The difficulties of the federal government’s healthcare.gov and some state enrollment websites are real, and have kept hundreds of thousands of Americans, even millions, from enrolling. But many of those who understand the benefits of the Affordable Care Act know that obsessing about the technical glitches is like mistaking the scoreboard for the game.

Political opportunists (like House Speaker John Boehner), exploit near-term difficulties to obscure the tangible benefits the Affordable Care Act will bring to tens of millions of their constituents. When they say “this law has to go,” as Boehner’s spokesman did this weekend, they’re talking about returning people to the era of exclusions for pre-existing conditions. To people learning they’re uninsurable because of injuries from accidents, or chronic diseases, or the sheer bloody-mindedness of insurance company bureaucrats.

Let’s hear Boehner and his people explain to Holzman and Vezina, the Shevlinos, the Nobles, the Sheppards, and Silverstein–and to 20-30 million other Americans like them who might be locked out of the individual insurance market without the law they ridicule as “Obamacare”–how they’d be better off that way.

 

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Read The Full Rand Corporation Report

 

 

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The Latest Hitler Inspired Anti-ObamaCARES Ad By Foster Friess: Hitler finds out he can’t keep his doctor under Obamacare

This is what America has become, The United States Of AmeriKKKa. This idiot posted this “preamble” to his racist anti-Semitic video…

 

Since people were subscribing to my YouTube channel, I felt the pressure to produce, produce, produce! So, here’s another take on “Hitler finds out..” 

 
This time, Hitler learns that he is losing his doctor because Dr Steiner is not in the network for his new health insurance.

 
Also, I would like to apologize to anyone who is, is related to, or knows any proctologists named Feingold. The use of the name Dr. Feingold is not meant to make fun of any individual, except for President Obama.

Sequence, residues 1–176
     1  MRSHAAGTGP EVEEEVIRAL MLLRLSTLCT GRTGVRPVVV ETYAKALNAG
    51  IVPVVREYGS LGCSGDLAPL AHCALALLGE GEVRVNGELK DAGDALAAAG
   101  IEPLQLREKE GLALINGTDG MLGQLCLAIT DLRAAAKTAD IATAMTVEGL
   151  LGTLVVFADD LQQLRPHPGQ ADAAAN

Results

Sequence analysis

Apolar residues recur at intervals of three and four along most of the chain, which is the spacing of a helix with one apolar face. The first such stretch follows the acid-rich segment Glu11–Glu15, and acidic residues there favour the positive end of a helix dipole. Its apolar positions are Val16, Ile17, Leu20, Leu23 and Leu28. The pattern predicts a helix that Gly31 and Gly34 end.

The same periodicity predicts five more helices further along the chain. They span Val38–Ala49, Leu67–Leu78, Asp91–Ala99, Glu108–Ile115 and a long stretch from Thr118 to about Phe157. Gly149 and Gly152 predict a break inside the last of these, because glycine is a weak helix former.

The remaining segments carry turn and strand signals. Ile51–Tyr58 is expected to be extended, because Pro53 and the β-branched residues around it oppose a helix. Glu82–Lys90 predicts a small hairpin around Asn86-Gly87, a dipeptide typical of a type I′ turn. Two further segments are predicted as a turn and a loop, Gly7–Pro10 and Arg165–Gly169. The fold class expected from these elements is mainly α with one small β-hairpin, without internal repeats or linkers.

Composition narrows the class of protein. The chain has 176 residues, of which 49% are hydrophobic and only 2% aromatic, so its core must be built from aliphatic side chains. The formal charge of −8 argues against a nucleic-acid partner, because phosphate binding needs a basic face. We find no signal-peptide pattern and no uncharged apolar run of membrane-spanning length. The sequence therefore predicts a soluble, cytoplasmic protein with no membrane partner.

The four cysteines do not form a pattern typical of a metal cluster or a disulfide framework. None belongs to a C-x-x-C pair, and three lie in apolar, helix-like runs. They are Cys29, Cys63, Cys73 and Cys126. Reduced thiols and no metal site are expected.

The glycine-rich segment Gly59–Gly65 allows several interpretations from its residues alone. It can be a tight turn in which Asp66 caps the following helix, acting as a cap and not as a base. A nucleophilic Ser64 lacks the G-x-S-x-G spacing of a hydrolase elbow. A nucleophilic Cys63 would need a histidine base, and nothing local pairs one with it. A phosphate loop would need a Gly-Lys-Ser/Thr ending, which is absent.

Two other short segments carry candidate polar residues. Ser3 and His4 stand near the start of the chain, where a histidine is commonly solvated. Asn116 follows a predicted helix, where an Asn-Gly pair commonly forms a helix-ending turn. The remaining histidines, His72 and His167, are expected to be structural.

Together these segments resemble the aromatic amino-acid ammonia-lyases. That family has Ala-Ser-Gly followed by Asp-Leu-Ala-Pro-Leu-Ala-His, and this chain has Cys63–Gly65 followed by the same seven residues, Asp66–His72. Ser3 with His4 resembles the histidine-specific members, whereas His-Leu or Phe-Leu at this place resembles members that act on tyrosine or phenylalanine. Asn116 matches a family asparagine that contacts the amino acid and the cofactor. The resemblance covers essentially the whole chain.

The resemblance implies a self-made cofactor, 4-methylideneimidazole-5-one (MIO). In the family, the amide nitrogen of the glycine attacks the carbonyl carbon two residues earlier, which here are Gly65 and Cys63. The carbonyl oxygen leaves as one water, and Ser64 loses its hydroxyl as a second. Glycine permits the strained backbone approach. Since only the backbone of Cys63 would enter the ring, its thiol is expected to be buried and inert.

Make your own Hitler video at http://downfall.jfedor.org/

 

This Crapplefratz is truly a dumbass full of dumbfuckery.

 

 

 

Amazing that something that helps 9.3 million Americans can be hated by AmeriKKKans.

 

 

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A New Feature On WhiteHouse.gov: Tools You’ll Use.


 

 

By Jueseppi B.

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There are a lot of .gov websites out there. But with so many, you might miss some of the ones that are most useful for you.

That’s why we’re launching WhiteHouse.gov/Tools: It’s a collection of tools from across the government that can make your life easier.

And those are just some of the tools we’re spotlighting.

 

 

TOOLS YOU’LL USE

 

Spotlighting government tools that make your life easier.

 

 

COLLEGE SCORECARD

 

I want to find a college that’s a good fit for me or my kids.

You can use the scorecard to get a sense of a college’s affordability and value – helping you make an informed decision about which college to attend. Additionally, you can get scorecards based on programs or majors offered, location, and enrollment size.

 

College Scorecards in the U.S. Department of Education’s College Affordability and Transparency Center make it easier for you to search for a college that is a good fit for you. You can use the College Scorecard to find out more about a college’s affordability and value so you can make more informed decisions about which college to attend.
To start, enter the name of a college of interest to you or select factors that are important in your college search. You can find scorecards for colleges based on factors such as programs or majors offered, location, and enrollment size.

 

 

 

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Assess the energy efficiency of your home and see how it measures up:

 

EPA‘s Home Energy Yardstick provides a simple assessment of your home’s annual energy use compared to similar homes. By answering a few basic questions about your home, you can get:

  • Your home’s Home Energy Yardstick score (on a scale of 1 to 10);
  • Insights into how much of your home’s energy use is related to heating and cooling versus other everyday uses like appliances, lighting, and hot water;
  • Links to guidance from ENERGY STAR on how to increase your home’s score, improve comfort, and lower utility bills; and
  • An estimate of your home’s annual carbon emissions.

Learn more about how the Home Energy Yardstick works.

See a sample results page.

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Getting Started:

To calculate your Yardstick score, all you need is some basic information about your home:

  • Your ZIP code;
  • Your home’s square footage;
  • Number of full time home occupants;
  • A list of all the different fuels used in your home (e.g., electricity, natural gas, fuel oil); and
  • Your home’s last 12 months of utility bills (usually found in the 12 month summary provided on your bill or through a Green Button file ?).

Having trouble with the Home Energy Yardstick? Contact us at yardstick@energystar.gov.

 

 

 

 

 

 

Welcome to the Know Your Farmer, Know Your Food Compass

 

With the tools below, learn about how USDA and our federal partners support local and regional food economies; see communities putting these resources to work; and explore the map to find out what’s happening near you. Use the tools and get involved!